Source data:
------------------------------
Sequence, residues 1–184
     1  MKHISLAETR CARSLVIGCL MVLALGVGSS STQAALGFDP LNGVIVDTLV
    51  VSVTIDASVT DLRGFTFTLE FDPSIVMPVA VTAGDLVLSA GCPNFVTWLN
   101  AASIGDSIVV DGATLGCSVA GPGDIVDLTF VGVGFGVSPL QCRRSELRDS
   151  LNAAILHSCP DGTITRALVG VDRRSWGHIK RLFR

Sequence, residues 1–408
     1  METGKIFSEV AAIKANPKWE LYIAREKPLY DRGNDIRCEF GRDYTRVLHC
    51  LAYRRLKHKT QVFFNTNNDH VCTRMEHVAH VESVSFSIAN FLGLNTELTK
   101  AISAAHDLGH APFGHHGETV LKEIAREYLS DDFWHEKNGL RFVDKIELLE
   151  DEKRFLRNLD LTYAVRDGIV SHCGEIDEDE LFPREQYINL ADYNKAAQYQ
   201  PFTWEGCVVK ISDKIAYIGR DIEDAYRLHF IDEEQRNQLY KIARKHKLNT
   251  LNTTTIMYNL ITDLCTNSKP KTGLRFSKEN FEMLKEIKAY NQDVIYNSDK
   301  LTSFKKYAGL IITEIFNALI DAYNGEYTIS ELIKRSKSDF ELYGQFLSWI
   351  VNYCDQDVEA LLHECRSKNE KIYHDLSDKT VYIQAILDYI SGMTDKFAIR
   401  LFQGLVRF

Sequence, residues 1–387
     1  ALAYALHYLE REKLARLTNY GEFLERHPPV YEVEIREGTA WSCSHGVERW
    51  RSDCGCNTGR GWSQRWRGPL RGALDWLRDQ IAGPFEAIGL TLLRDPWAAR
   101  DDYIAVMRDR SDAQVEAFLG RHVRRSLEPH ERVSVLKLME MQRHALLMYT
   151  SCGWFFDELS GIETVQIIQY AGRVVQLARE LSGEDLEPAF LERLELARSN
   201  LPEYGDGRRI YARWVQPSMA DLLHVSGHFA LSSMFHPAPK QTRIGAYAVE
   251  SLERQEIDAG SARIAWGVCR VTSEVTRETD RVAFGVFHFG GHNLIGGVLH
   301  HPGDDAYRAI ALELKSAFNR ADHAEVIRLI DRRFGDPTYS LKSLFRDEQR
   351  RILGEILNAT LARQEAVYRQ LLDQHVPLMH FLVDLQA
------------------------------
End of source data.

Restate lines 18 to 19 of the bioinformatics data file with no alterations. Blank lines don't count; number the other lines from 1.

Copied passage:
    51  RSDCGCNTGR GWSQRWRGPL RGALDWLRDQ IAGPFEAIGL TLLRDPWAAR
   101  DDYIAVMRDR SDAQVEAFLG RHVRRSLEPH ERVSVLKLME MQRHALLMYT